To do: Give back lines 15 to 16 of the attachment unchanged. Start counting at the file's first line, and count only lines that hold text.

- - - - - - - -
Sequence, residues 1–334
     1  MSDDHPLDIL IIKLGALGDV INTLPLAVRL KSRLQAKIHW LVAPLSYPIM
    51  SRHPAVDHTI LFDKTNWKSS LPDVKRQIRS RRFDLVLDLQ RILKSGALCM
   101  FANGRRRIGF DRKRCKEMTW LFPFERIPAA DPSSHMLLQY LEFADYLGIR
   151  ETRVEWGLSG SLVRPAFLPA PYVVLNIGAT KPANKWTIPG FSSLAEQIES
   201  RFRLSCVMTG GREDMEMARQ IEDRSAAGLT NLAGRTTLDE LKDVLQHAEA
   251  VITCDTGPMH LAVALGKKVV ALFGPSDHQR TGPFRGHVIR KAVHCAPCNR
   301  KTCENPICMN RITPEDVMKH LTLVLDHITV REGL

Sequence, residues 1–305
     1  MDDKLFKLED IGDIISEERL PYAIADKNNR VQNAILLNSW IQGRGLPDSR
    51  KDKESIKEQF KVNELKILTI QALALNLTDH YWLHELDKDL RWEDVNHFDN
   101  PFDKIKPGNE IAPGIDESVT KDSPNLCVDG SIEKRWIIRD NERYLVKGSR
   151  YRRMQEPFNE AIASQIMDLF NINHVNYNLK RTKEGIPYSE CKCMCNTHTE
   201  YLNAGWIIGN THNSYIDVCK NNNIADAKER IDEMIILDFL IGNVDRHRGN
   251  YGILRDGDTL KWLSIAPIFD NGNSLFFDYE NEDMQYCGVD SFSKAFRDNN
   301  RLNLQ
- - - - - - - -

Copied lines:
   251  YGILRDGDTL KWLSIAPIFD NGNSLFFDYE NEDMQYCGVD SFSKAFRDNN
   301  RLNLQ